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Awesome: 7.14%
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2 reviews, 2 user ratings

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Black Belt
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by Jay Seaver

"Not subtle at all, but karate isn't exactly a subtle art."
4 stars

SCREENED AT THE 2008 FANTASIA FESTIVAL: Most martial-arts films make some noise, at least, about there being more to their practices than just violence, although most wind up seeming a bit hypocritical on some level. "Black Belt" (or "Kuro-Obi") is no different, really, although it seems to take its pacifist teacher's beliefs more to heart than most. Yes, it will ultimately come down to fighting, but at least those that want to avoid combat seem sincere about it.

Three black belt karate masters are learning from their sensei (Shinya Owada) in 1932 when the military police come to the Shibihara dojo, looking to take possession of it for more useful purposes. Choei (Yuji Suzuki) is injured immediately, cut by a ceremonial sword. Taikan (Tatsuya Naka) attacks, disobeying sensei Eiken Shibihara's edict to only use karate to block attacks, not to thrust and kick, which leads to a series of challenges with the captain. Giryu (Akihito Yagi) is brought into the challenges, obeying the sensei's wishes, and the captain feels dishonor is brought upon him when Giryu will not finish him off. This doesn't run them off for very long, though, and soon Army commander Hidesha Goda is conscripting the masters. Giryu faces the consequences of his mercy, while Taikan becomes fond of the status afforded him and becomes corrupted. The dying master has given Choei the responsibility of choosing who will next wear the ancient belt (the "kuro-obi" of the title) and be considered the true master.

This is not a movie of great subtlety or moral gray areas. The opening duel with Captain Tanahara lets us know with crystal clarity who will be the good student and who will be the bad one, and the film quickly bears that out: Taikan is soon working for Goda, deciding he likes women and fights to the death, while Giryu joins with a poor but kind farming family. Commander Goda himself lacks only a moustache to twirl; he plans to not only have Taikan train his troops in hand-to-hand combat, but to use the dojos Taikan takes over as brothels, stocked with girls who have been all but kidnapped. He tends to laugh maniacally, too. In contrast, the farmers that take in Giryu are as good as he is bad: There's a spunky young boy, a beautiful daughter, and an elderly father who does, admittedly, have a weakness for gambling (at rigged tables! it's a front for swindling old men to force them to sell their daughters!).

That's fine, though. It is as much story as we need to set up some fights, and those sequences are well-done indeed. Authenticity is the watchword here: The film has cast actual karate masters in most of the roles where fighting will be necessary, and director Shunichi Nagasaki is guided by the same principles that Jackie Chan and the like insisted on: Full-body shots held for long enough that the audience can tell that it's really them, and they are exchanging long and complicated series of blows which hit hard. Many of the fights aren't really long enough to benefit from much cutting; karate seems to lend itself to the quick finishing (if not lethal) blow, especially in the hands of a master like Taikan. The final showdown between Taikan and Giryu is the exception to that but also shows how exhausting one of those fights can be; by the end they're lying on the ground and just getting up long enough to land a couple more blows.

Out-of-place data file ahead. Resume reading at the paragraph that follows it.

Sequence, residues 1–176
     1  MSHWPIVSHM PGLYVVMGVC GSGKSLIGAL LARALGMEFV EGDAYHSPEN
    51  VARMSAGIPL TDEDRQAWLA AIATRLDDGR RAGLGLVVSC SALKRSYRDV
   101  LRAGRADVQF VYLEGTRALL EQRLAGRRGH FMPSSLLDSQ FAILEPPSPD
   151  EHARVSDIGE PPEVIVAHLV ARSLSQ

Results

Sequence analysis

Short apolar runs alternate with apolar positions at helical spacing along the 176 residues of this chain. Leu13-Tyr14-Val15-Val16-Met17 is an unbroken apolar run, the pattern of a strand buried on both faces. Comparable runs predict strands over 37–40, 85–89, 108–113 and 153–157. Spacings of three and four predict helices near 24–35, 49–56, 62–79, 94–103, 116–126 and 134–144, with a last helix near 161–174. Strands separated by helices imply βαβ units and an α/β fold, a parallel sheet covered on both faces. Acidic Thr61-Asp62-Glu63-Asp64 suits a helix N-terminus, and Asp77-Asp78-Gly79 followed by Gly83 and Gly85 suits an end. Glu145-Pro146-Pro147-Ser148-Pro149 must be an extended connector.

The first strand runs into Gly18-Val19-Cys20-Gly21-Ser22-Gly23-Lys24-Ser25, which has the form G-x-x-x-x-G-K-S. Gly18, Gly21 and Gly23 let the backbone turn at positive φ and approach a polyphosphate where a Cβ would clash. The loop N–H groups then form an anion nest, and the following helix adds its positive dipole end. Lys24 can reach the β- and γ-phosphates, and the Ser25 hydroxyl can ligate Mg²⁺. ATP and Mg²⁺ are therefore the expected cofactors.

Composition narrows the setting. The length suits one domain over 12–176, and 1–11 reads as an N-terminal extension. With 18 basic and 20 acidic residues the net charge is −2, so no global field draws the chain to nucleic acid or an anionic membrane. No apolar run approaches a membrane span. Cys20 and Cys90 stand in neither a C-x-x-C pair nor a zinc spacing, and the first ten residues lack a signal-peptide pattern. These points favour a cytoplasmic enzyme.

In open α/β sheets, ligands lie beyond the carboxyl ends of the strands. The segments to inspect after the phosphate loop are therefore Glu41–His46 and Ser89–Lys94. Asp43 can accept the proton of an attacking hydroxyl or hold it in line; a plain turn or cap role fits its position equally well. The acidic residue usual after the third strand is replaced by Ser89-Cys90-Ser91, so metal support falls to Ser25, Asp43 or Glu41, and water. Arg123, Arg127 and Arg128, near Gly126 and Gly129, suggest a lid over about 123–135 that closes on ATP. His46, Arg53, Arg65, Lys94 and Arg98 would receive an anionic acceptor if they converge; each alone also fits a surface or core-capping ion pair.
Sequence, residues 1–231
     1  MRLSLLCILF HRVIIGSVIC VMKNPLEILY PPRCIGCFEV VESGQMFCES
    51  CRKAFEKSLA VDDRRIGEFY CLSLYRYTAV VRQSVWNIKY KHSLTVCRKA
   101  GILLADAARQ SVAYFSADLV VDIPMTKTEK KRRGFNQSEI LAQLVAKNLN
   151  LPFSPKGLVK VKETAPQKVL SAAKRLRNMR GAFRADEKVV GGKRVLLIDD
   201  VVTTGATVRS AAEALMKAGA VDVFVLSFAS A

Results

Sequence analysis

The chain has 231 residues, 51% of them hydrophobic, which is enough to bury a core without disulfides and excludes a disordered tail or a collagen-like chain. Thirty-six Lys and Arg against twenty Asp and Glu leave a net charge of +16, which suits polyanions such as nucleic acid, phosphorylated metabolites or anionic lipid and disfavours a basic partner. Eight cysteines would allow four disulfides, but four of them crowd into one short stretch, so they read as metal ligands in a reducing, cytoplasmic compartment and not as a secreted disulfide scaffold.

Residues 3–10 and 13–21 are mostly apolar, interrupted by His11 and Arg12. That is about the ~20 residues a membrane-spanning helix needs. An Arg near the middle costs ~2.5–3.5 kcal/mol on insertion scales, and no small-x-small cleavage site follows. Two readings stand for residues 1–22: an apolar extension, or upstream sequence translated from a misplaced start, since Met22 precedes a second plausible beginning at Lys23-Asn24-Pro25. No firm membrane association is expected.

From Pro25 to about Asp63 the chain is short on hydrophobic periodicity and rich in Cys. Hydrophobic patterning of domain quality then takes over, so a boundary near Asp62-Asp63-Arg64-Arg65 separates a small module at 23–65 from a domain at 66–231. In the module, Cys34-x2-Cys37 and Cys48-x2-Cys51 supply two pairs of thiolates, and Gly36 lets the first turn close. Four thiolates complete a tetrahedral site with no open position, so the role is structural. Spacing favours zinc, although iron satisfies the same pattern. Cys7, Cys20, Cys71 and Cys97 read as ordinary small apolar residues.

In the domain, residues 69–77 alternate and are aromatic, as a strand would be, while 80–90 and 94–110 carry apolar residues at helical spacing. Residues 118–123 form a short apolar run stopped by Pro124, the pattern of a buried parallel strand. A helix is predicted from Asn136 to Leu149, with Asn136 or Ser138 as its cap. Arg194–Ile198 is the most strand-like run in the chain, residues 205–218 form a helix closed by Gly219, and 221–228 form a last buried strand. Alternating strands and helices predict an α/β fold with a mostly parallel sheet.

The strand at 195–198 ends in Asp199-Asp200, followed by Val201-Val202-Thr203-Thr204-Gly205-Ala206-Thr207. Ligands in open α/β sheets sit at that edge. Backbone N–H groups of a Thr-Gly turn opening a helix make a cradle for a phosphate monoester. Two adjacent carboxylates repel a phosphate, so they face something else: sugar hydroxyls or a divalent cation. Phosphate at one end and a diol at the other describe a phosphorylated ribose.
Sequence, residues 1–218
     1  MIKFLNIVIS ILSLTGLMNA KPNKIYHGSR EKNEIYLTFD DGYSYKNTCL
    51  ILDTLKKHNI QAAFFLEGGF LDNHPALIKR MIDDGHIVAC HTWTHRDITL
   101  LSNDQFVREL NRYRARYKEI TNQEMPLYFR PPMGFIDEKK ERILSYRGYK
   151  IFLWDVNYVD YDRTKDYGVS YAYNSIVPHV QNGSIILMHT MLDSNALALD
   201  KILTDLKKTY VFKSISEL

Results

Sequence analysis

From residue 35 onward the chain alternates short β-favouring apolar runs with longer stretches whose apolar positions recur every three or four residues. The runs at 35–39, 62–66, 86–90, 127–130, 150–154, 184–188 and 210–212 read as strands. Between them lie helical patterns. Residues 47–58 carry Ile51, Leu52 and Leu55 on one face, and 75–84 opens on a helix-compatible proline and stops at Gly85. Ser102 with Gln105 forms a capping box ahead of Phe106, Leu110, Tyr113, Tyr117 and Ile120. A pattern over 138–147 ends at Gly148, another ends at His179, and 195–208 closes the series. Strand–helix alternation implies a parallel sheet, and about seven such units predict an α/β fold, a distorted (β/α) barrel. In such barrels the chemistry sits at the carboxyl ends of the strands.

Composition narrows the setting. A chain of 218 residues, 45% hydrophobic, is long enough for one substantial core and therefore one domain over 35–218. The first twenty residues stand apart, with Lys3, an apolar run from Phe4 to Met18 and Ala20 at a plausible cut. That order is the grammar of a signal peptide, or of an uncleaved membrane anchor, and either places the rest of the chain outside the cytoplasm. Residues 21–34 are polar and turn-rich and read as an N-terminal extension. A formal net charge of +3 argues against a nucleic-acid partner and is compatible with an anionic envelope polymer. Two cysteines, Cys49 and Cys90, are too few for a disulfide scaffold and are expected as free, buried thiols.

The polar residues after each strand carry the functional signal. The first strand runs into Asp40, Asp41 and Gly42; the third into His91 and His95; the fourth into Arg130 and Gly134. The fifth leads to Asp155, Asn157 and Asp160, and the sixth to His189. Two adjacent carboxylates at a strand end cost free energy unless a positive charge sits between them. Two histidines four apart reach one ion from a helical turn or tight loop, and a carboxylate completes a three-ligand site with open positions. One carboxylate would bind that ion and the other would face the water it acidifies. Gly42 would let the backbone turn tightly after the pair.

Nagasaki shoots that last battle in crisp black and white, in part so that the world looks even more vibrant once it's over - the red of nearby flowers almost hurts to look at when the film returns to color. The filmmakers do a fine job outside the action sequences, too - the story may be straightforward, but Joji Iida's script doesn't ever have the characters act in nonsensical things happen in the hopes that the audience will forgive anything that leads to the next fight (until the end; it's not exactly clear how Giryu defeating Taikan will keep a bunch of armed men from retaking the women). Nagasaki and Iida do lean a little heavily on the flashbacks to things we've already seen.

The acting is surprisingly decent, too: Though Naka and Yagi were cast in large part for their skill as fighters, they handle themselves all right during the rest of the movie. I actually found myself liking Naka's subdued performance; it doesn't sound like a compliment, but he reminds me of Chuck Norris in his calm, soft-spoken demeanor; a casual acceptance of his mastery. Several of the supporting cast are also memorable; Goda is an entertaining villain and Kenta a lovably pugnacious kid.

"Black Belt" is a solidly entertaining martial arts movie, and one which I gather karate fans will particularly enjoy, as it is made with more respect to its particular art than many films that are just out for cheap thrills.

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originally posted: 07/11/08 23:35:09
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OFFICIAL SELECTION: 2008 San Francisco International Film Festival For more in the 2008 San Francisco International Film Festival series, click here.
OFFICIAL SELECTION: 2008 Fantasia Film Festiva For more in the 2008 Fantasia Film Festival series, click here.

User Comments

1/10/10 christian wow its vrey awesome 5 stars
5/04/08 Jacqueline Carpenter Right up yhere with GOOD KARATE MOVIES 4 stars
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  N/A (NR)
  DVD: 18-Nov-2009



Directed by
  Shunichi Nagasaki

Written by
  George Iida

  Akihito Yagi
  Tatsuya Naka
  Yuji Suzuki
  Shinya Ohwada

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